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02/28/2011

Crashing the boy's club

Hall_big
In Malawi's ubiquitous entertainment halls, women are often seen as unwelcome visitors. Photo by Katie Lin

By Katie Lin

In the middle of Blantyre’s densely populated township, Ndirande, sits Spencer Video Centre. It’s big, bright blue and blaring seriously loud music.

With featured shows ranging from Mexican wrestling to football to Asia’s best Bruce Lee films, these entertainment halls have become a “boy’s club”-type haven for so many men in the urban sprawl that is Blantyre.

But in a country where conservative gender norms are rule-of-thumb and even couples refrain from holding hands in public, it's easy for certain behaviors to be misinterpreted—and entertainment halls are no exception.

Put simply, if a dignified woman does not want to be mistaken for a prostitute then she knows better than to go into one.

I arrived at Spencer and, having already missed the first four minutes of the Newcastle versus Arsenal game, was hard-pressed to find a seat. About 60 men were packed into the balmy room, perched on a dozen benches and sitting on the floor.

Sitting on a bed of wooden crates was the main attraction: a 24-inch television. A worn, red scarf was draped across the top crate—a reminder of the favoured team, Arsenal.

I sank lower in my seat as Arsenal rose to a 4-0 lead. Not only was I now a mortified Newcastle fan, but I was also the only woman in the hall.

Owner Baron Banda had only one thing to say: “No women. Don’t like women—unless they come with their friends, their boyfriends or someone they know.

“You see, this is a male place, with male entertainment.”

I had to inquire further. “So, are the halls strictly for men? Or are they a place for men to collect away from their women?”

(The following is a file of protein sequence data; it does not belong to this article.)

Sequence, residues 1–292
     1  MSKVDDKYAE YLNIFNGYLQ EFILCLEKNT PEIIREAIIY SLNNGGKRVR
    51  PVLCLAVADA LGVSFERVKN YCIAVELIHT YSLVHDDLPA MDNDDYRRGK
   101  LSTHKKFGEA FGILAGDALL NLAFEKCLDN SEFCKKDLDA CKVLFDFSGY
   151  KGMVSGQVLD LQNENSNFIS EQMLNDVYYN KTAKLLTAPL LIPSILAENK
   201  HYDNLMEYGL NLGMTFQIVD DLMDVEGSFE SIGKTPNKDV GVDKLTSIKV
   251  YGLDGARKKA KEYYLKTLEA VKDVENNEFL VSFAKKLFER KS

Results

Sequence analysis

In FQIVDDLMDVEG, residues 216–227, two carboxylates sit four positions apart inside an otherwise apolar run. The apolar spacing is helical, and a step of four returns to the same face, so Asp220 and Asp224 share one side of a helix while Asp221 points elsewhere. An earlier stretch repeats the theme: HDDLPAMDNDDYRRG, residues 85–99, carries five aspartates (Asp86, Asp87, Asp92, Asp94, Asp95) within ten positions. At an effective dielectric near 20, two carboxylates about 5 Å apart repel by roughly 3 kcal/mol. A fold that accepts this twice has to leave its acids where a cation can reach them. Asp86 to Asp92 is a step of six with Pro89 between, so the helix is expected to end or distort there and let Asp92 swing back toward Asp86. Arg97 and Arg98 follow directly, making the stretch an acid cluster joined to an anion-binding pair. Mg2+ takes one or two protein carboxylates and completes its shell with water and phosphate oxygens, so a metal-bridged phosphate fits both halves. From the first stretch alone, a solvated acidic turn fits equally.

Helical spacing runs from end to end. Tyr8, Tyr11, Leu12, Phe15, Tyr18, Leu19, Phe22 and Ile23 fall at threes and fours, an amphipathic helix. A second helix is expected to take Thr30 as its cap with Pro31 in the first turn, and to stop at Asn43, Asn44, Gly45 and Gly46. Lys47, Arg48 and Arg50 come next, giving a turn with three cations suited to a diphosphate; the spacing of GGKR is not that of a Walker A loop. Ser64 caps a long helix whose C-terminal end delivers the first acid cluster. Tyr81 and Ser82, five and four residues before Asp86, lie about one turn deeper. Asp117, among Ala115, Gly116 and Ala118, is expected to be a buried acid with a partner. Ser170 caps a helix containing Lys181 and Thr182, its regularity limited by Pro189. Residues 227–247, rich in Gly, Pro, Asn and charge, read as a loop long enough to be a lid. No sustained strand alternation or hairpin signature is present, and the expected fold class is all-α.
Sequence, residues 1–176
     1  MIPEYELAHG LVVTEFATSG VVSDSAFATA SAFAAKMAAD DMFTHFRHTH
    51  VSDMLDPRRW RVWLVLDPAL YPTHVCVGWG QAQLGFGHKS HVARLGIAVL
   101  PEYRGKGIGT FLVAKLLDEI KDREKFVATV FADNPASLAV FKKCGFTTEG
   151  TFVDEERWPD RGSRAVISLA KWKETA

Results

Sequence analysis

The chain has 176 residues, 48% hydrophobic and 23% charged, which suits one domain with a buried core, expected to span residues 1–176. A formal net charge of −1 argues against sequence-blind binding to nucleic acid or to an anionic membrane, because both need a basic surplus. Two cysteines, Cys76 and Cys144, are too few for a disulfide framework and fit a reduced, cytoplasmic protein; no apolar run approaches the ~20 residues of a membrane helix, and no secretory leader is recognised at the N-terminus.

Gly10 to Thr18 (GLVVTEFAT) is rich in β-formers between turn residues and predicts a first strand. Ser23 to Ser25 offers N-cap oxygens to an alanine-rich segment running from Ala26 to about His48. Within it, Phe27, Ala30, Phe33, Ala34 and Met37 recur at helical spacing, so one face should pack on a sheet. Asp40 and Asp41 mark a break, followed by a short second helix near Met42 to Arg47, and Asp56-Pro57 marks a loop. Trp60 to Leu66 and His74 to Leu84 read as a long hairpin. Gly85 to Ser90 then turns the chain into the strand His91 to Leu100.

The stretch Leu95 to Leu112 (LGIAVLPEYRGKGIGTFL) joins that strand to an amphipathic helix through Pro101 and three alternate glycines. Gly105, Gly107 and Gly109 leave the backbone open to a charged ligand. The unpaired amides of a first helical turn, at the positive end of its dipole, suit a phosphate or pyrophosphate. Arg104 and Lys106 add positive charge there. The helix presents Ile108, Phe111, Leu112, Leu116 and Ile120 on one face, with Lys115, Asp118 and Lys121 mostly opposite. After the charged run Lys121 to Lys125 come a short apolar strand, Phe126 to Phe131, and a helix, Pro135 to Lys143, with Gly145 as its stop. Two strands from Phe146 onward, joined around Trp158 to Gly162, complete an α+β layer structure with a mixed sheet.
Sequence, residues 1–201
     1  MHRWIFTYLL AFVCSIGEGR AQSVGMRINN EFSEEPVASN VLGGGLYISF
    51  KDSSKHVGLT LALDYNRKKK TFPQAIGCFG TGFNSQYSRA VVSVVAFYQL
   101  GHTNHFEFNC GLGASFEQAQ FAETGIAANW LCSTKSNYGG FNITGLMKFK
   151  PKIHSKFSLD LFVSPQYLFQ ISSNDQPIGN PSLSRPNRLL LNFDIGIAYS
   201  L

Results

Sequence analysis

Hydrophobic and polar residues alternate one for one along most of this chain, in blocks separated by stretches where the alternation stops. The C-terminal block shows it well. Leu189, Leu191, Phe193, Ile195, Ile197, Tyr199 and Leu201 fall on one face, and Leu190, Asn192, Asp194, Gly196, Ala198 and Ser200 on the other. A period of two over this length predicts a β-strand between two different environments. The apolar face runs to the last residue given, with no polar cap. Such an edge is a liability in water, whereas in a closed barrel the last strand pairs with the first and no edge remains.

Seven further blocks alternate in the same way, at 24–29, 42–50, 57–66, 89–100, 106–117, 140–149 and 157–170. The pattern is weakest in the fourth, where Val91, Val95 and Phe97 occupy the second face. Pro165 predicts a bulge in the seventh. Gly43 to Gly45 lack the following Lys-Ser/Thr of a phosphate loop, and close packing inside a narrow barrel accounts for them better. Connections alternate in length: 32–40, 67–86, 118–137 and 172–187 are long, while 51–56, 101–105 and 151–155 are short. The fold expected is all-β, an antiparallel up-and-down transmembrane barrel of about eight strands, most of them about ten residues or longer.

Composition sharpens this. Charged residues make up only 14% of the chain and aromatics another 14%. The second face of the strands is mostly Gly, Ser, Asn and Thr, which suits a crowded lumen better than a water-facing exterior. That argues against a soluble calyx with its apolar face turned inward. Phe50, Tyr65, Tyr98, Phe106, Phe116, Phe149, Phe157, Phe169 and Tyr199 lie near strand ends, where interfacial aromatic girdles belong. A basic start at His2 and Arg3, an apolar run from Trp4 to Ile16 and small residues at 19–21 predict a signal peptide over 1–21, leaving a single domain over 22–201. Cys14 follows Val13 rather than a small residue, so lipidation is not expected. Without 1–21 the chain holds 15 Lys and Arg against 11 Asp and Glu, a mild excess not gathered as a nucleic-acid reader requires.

Banda chuckled and gave his head a brusque rub: “Yes...an escape for the men...”

I figured as much.

Steven Danger, a 15-year-old patron of Blantyre entertainment halls, explained: “Since women don’t normally fight, it’s irrelevant for them to go and watch these movies.”

That’s not to say, however, that women don’t enter the halls.

“Some women go in, but not those who are married because most married women watch it in their homes,” said Danger.

I gathered from this comment that married women stay away not because they aren’t necessarily allowed inside, or even because the television content doesn’t appeal to them, but because it would do their image more damage than the entertainment was worth.

“If the woman is a prostitute, she has no problem getting into entertainment halls,” said Danger, “because that is how she gets her bread and butter.”

So, what happens if a regular, unassuming, law-abiding woman, like myself, does go inside?

“We give them pieces of advice [about how] women are not supposed to watch films in such places,” Danger says.

Well, nobody told me.

So there I was, glued to the television as much as my male company, as the game drew to an end.

In the 89th minute, Newcastle tied the game, and with that, noise levels peaked. Then, with just three minutes left in overtime...

Power out.

The crowd surged from their seats, like wasps from a hive, and poured out of the hall into the night, where the day’s dusty, bustling market had turned into an onyx expanse, peppered with makeshift paraffin lamps.

And so I moved through the dark market with a friend, recounting each play, each goal, each card.

Boy’s club or not, the excitement of a good game knows no gender.

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Africa Without Maps


  • There's so much more to Africa than predictable headlines about war, famine and AIDS. From Ghanaian beauty pageants to music in Malawi, Africa Without Maps provides a rare glimpse of life in Africa from Journalists for Human Rights interns on the ground.

    Funding for the jhr bloggers is provided by the Government of Canada's Youth International Internship Program.

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